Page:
We are at the close of a 50-year cycle during which Democrats and Republicans have pursued dramatically different domestic agendas. Democrats have championed the social values of the Enlightenment -- toleration, secularism, equality, and free expression. Republicans, meanwhile, have embraced Adam Smith, resisting the government wealth transfers and market regulation often sought by Democrats in the name of equality. In the end, both political parties won their core struggle. Democrats succeeded in dismantling barriers to equality based on stereotype, building a powerful system of free expression and respect for cultural diversity while walling religion off from the exercise of public power. At the same time, Republicans succeeded in enshrining the free market as the engine of economic organization. But the two parties used very different strategies to achieve their victories.

Republicans concentrated on politics, largely because by the end of Franklin Delano Roosevelt’s fourth term they realized there was no chance of undoing the New Deal in the courts. After absorbing a terrible initial defeat in 1964, Republicans began the long job of rebuilding their political base. Democrats, almost always acting on behalf of minorities doomed to short-run defeat in the political arena, turned to the courts. Year after year, the judiciary delivered a steady stream of decisions finding liberal, counter-majoritarian values in that quintessential Enlightenment document, the Bill of Rights.

The 2004 election saw the Democrats’ 50-year practice of successfully advancing Enlightenment values through the courts instead of through the political process come home to roost. Infuriated by court decisions limiting their power to use law to advance their religious beliefs, a relatively thin slice of the population -- probably just 10 percent to 15 percent, but large enough to wield the balance of electoral power this time around -- rose up and voted against their economic interests, throwing Ohio and the election to George W. Bush.

Whether the issue was abortion, gay rights, the wall between church and state, or pornography, the common denominator of the dramatically increased rural/evangelical vote was rage at judicially imposed limits on the political expression of religious values. How Democrats deal with that rage, and break through it to talk to the red states about economic justice, toleration, and basic fairness is one of the great political challenges of our time.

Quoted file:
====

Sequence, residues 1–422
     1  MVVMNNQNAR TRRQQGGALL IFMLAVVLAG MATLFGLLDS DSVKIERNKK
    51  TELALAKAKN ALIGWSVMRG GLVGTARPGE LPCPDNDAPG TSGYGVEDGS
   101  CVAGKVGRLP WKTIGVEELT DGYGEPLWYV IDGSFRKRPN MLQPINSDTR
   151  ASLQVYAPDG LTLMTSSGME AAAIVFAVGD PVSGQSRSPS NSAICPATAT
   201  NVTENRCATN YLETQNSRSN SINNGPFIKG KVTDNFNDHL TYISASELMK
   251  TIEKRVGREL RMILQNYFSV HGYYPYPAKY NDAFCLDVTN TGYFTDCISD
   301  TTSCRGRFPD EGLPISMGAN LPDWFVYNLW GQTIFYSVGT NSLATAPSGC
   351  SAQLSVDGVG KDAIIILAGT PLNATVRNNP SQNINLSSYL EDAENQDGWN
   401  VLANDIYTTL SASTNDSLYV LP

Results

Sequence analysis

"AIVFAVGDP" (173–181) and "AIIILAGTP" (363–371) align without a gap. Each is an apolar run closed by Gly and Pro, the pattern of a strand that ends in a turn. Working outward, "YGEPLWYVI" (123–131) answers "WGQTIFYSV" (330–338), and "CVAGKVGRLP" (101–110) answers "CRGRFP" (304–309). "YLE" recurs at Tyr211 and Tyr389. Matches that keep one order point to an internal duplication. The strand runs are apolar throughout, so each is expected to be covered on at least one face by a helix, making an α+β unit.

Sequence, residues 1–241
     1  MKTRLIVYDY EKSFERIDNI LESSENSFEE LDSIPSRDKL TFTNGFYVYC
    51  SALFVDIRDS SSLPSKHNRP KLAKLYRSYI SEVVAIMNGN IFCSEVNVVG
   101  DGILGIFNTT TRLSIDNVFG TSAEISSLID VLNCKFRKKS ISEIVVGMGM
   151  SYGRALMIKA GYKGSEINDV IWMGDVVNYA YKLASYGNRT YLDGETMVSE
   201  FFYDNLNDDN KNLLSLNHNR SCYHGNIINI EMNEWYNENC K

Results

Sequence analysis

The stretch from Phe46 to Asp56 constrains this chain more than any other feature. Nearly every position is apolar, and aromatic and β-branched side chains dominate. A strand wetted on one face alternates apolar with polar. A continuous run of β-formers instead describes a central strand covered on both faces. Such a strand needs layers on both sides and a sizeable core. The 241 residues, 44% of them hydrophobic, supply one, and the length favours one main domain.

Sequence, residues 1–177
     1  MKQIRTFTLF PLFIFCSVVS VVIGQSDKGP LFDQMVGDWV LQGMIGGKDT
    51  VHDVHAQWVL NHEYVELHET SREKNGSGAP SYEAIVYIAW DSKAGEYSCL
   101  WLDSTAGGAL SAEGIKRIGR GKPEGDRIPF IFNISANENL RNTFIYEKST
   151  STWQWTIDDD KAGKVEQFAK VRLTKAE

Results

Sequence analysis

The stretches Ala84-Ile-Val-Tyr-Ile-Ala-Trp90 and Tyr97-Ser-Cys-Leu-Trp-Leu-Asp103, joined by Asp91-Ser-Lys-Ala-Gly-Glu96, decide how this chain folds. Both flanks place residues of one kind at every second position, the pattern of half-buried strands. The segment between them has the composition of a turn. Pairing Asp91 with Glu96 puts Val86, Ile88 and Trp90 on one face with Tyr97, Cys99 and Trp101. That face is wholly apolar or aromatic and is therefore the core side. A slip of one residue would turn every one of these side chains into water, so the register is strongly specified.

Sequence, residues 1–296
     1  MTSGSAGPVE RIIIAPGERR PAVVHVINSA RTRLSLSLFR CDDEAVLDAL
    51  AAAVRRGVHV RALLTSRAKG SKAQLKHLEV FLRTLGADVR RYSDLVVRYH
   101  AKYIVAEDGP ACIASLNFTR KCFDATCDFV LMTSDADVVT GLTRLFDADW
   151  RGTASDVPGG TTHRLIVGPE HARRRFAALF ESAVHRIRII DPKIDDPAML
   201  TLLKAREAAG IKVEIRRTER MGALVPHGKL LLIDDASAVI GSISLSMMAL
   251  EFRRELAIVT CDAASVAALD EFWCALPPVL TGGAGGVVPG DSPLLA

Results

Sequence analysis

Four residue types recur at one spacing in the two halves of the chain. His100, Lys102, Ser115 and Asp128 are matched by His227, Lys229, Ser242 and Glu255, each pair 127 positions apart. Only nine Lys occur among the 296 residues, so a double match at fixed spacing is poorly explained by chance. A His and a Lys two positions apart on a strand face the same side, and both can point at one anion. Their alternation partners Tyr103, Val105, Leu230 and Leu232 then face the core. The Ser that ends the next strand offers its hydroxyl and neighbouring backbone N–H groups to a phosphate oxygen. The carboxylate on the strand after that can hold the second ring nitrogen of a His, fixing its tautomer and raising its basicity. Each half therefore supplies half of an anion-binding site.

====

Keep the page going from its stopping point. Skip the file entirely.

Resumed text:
Of course, Democrats could simply ignore the evangelicals and their rural allies, as these blocs may well lose their balance-of-power status once September 11 security concerns ebb. But that’s a huge gamble, one that writes off the South and much of the rural heartland. Defeat in 2004 poses an overdue challenge to Democrats. Their long reliance on the courts as the principal forum to advance Enlightenment values may well have succeeded itself out of usefulness. Much of the liberal agenda initially advanced in the courts has become part of the national consensus. Free speech, freedom from stereotypical discrimination, religious toleration, deep commitment to individualism -- issues that once were intensely contested are now the common currency of national discourse.

In retrospect, the enduring success of liberal thought in reshaping America has almost always involved initial counter-majoritarian court victories, followed by effective political organization designed to convince the majority that the court victories were morally correct.

In a democracy it isn't a good idea to be in the minority on most issues.

Posted by Orrin Judd at January 8, 2005 8:23 PM

Hey, losing narrowly. It's the next best thing to winning.

Remarkably, the closeness of the presidential election seems to be distracting the Democrats from the fact they they were clobbered in the Senate and House, that '06 will likely also be bad in the Senate and that they have no chance of retaking the house at least until 2012.

Posted by: David Cohen at January 9, 2005 12:22 AM

"The left. . .whatever you want to call it." I don't want to call it, "progressive."

Posted by: Lou Gots at January 9, 2005 10:13 AM